Of Coping and Ensemble Agreements
For this issue, I consider how the DG devising contracts can work in regional context through an interview with Jake Hooker, Co-Director of A Host of People, Detroit-based devising ensemble.
Anita Gonzalez: You were just introduced to the idea of a collaboration agreement for devised work when we spoke the other day, yet you have been making and touring ensemble work out of Detroit for seven years. What do you think about the idea of offering your collaborators a written agreement?
Jake Hooker: I think it’s a wonderful inroad of the Dramatists Guild, although in some ways a surprising one that did create some skepticism for me. A Host of People, of course, uses contracts in our work, but those are largely about performer-creators and designer-creators and don’t deal, specifically, with “authorship” because the works are group authored, so it is nice to see that DG’s guidelines work somewhat to accommodate that complication.
AG: How might a contractual agreement help you and your company to “cope” with the ambiguities of ownership in devised work?
JH: Thus far, all of our works have been group authored. In fact, we simply say they are “by A Host of People” however, our next piece, Death of Cleopatra, will be the first time we work with a writer who is only a writer. The piece will create new challenges because a) it’s a singular source—a translated adaptation of an Egyptian play by Ahmed Shawqi; b) there will be a single person generating the text -- the poet Kamelya Omama Youssef; but c) we will still engage in our devising process with performers, directors, and designers who will help create the world of the piece and work to democratize all of the many theatrical elements of the performance.
AG: Some of your production concepts are drawn from existing literary works, how do you parse ownership between the original authors, the company, and the directors?
JH: Well, again, because we’re group authoring, and that includes words, movement, design elements, and so forth, we say “by A Host of People” and, thus far, that has satisfied everyone. We send all of our elements through many phases and filters and so the text we end up using is changed, altered, and hybridized through the process, whether it’s generated from a company member or originally came from a classic piece of literature. Ultimately, our contracts are clear that A Host of People—the company—“owns” the performance rights to our finished works.
AG: Can a collaborator agreement help with inequities of power in community outreach?
JH: Absolutely! We haven’t yet truly had a situation in which we were making work with non-performing community members; in other words, people who are not folded into our ensemble. But another piece we are conceiving of now—Fire in the Theater!—which is about the freedom of speech, will be very much sourced from various communities and so this type of agreement should prove useful.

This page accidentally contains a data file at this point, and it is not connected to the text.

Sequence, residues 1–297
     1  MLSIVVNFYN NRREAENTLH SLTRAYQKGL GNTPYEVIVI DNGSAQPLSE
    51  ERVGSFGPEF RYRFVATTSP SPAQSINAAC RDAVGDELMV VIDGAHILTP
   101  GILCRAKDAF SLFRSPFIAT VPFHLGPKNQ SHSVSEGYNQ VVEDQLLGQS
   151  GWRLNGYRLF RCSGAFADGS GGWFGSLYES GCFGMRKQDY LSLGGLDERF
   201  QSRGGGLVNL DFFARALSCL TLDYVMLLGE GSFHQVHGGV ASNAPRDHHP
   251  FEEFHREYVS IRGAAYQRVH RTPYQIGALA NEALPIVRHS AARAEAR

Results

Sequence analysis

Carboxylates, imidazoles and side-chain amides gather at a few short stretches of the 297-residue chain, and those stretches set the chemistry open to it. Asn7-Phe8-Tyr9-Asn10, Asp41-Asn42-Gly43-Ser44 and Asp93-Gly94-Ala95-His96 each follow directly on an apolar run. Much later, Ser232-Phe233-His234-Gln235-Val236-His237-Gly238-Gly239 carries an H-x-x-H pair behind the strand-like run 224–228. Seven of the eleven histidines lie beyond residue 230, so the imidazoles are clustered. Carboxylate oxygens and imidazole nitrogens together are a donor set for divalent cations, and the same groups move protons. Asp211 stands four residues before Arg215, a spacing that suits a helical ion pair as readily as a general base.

AG: Consider the specifics of the contract. What do you find useful?
JH: It’s very useful that DG notes right away that these agreements are templates and they require tweaking. I think it will encourage us to dig more deeply into our contracts, especially as our work morphs and changes with different projects.
AG: Do these distinctions and clarifications of the various contracts apply to development work in your company?
JH: The short answer is yes, even if some of the specifics aren’t quite right for our company. I think it’s very good to have a couple of different models dealing with the way different works originate differently and that, yes, as a work moves into production and touring, new language applies. Especially since often a creator-performer is unable to tour and new non-creators need to step into a performance situation.
AG: You function as producer and author and deviser and director/choreographer. How do you articulate to your ensemble the distinction between those roles?
JH: We articulate these distinctions, blurry though they may be, very often, by expressing which hat we’re wearing at a particular time. However, we are very adamant that to work with A Host of People means you wear different hats and that’s a feature and not a bug! Of course, the two founding co-directors (myself and Sherrine Azab) wear the most hats.
AG: Could your ensemble “cope” with the nuances of executing these contracts? Why or why not?
JH: Perhaps not these specific contracts, but versions of them -- yes. I think they’re very useful models and now having spent some time with them, we will certainly use them to better craft the contracts we are using.
Jake Hooker is Co-Director of A Host of People, a Detroit-based devising ensemble. www.ahostofpeople.org for more information.